“Remarkably Prescient” – American Jewish Life during WWI to Open at National WWI Museum and Memorial

 
Photo: National WWI Museum and Memorial
 

“For Liberty: American Jewish Experience in WWI”  Opens Friday, June 29

More than 250,000 Jews served in the American Expeditionary Forces in World War I. Yet, their stories – and the stories of those who remained in the U.S. during the war – often remain untold.

“For Liberty” poster.

Hailed by Time magazine as “a deep dive into a strange, history-shaking year” and by the New York Times as “remarkably prescient,” For Liberty: American Jewish Experience in WWI, the latest special exhibition at the National WWI Museum and Memorial, portrays what life was like as an American Jew on the home front and the battlefield through remarkable stories and unique artifacts.

Eva Davidson (right) with her fellow Marines. Davidson, an American Jew, was one of the first 300 women to enlist. National Museum of American Jewish History, 1992.126.19 Gift of Judge Murray C. Goldman in memory of his cousin Eva Davidson Radbill. Photo: National WWI Museum and Memorial

“One of the most noteworthy aspects of this exhibition is the unique perspective it provides,” said National WWI Museum and Memorial Senior Curator Doran Cart. “Seeing these extraordinary objects in person and gaining a deeper understanding of American Jewish lives during WWI is a truly incredible experience.”

Service men and women were not segregated by religion or ethnicity except for African Americans. Trying to discover their American identity, 1917, the year that the United States entered WWI, was a unique time for Jewish Americans at home and at war.

Handbill, “The Answer to the Call,” Jewish Welfare Board, United War Work Campaign, 1918. National Museum of American Jewish History 1991.8.88, Gift of the Anne and John P. McNulty Foundation in honor of Lyn M. and George M. Ross. Photo: National WWI Museum and Memorial

Rabbi Stephen S. Wise spoke for many when he wrote in the New York Times that military service would “mark the burial, without the hope of resurrection, of hyphenism, and will token the birth of a united and indivisible country.”

Featured objects from the exhibition include a letter from American Jewish Joint Distribution Committee (JDC) leader Louis Marshall appealing to Jewish philanthropists like Julius Rosenwald to support the Ten Million Dollar Fund, American Jewish composer Irving Berlin’s draft registration card, and two handwritten drafts of The Balfour Declaration by Leon Simon from July of 1917, the document that outlined British support for the establishment of the Jewish state of Israel.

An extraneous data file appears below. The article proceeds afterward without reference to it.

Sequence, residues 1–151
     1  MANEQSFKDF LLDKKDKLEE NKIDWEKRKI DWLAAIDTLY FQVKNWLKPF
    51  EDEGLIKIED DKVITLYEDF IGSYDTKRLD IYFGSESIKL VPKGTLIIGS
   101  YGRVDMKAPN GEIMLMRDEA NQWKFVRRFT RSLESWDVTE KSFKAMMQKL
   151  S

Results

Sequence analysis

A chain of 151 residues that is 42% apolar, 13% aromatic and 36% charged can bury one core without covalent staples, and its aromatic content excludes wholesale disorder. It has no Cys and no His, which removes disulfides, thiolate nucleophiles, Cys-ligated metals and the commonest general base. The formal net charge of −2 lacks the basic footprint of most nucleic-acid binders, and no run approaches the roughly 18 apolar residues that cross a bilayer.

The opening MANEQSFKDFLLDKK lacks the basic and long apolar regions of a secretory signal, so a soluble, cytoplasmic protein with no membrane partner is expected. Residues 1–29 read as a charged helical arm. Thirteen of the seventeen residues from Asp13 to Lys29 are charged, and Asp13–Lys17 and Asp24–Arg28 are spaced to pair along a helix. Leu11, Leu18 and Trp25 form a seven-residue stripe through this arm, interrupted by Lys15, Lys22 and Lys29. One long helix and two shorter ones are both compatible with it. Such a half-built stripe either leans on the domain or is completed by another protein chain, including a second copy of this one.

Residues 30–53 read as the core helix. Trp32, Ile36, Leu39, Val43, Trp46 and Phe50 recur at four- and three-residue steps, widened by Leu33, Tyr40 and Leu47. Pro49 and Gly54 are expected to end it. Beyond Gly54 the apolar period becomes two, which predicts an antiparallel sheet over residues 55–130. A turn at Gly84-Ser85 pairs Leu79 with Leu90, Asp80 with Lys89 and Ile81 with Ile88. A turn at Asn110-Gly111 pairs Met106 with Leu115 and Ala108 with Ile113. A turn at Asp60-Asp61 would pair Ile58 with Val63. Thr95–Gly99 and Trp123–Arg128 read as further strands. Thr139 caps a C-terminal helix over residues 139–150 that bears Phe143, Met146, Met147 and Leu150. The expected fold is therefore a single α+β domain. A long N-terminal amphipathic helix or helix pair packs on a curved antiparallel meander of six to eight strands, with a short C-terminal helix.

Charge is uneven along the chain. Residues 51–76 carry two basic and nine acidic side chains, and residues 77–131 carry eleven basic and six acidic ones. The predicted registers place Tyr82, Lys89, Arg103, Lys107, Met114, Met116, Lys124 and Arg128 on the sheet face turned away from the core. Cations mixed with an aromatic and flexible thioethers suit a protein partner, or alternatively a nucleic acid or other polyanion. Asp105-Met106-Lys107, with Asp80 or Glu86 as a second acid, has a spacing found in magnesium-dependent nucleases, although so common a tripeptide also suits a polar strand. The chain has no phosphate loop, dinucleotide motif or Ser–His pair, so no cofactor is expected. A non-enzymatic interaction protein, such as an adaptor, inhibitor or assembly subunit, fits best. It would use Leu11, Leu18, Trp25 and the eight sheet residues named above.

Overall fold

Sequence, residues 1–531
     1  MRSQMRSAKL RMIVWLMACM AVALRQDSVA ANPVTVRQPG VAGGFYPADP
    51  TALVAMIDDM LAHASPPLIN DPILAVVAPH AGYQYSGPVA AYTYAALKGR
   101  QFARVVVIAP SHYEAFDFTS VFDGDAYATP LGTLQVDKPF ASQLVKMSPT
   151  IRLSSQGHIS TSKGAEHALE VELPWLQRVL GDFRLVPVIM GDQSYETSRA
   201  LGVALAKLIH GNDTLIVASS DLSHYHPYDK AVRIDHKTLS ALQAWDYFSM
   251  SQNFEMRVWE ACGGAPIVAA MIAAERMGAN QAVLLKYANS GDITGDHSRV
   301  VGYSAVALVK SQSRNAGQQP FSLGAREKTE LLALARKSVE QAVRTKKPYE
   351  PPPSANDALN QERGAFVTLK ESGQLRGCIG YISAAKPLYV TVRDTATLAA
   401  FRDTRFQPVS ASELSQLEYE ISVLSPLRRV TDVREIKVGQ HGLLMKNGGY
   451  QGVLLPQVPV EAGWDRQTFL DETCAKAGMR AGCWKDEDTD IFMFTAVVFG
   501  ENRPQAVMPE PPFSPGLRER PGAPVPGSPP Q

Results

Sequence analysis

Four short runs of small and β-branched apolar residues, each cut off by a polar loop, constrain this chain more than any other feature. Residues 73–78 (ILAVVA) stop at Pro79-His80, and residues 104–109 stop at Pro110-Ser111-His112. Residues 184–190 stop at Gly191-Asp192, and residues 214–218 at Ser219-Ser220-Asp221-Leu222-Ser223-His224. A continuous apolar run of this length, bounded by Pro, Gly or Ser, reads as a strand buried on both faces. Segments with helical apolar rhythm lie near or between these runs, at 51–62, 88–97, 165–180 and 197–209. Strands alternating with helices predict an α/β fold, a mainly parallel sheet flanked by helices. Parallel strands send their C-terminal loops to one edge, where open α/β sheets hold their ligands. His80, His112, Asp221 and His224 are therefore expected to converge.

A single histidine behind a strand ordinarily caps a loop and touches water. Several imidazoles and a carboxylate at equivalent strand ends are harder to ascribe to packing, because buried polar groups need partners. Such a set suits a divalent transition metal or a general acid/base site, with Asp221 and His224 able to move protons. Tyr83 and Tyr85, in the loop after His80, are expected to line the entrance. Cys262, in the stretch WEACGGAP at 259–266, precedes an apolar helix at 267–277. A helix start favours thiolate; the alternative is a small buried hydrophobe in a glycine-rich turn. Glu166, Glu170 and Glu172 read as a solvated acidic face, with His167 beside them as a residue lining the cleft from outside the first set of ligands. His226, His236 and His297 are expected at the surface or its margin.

Poster reading, “United Behind the Service Star/United War Work Campaign,” ca. 1918. National Museum of American Jewish History 2006.1.1162 Peter H. Schweitzer Collection of Jewish Americana. Photo: National WWI Museum and Memorial

The trials and tribulations and the lasting effects of WWI on the American Jewish population are also shown through documents such as a map that notes the amounts pledged to the JDC for Jewish war sufferers and a poster showing a shipment of kosher meat being loaded onto the SS Ashburn in New York City, bound for Danzig, Poland.

For Liberty: American Jewish Experience in WWI, originally exhibited as 1917: How One Year Changed the World, is organized by the National Museum of American Jewish History in Philadelphia and the American Jewish Historical Society in New York and made possible in part by the National Endowment of the Humanities: Exploring the Human Endeavor.

World War I soldier William Shemin’s Medal of Honor framed with certificate, 2015. Courtesy of Elsie Shemin-Roth. Photo: National WWI Museum and Memorial

Bank of Blue Valley, the Regnier Family Foundation and Herb and Bonnie Buchbinder are sponsors of the exhibition’s appearance in Kansas City with the Kansas City Jewish Chronicle and KCPT serving as media sponsors.

This special exhibition will be open to the public at the National WWI Museum and Memorial from Friday, June 29-Sunday, Nov. 11, 2018, in the Wylie Gallery.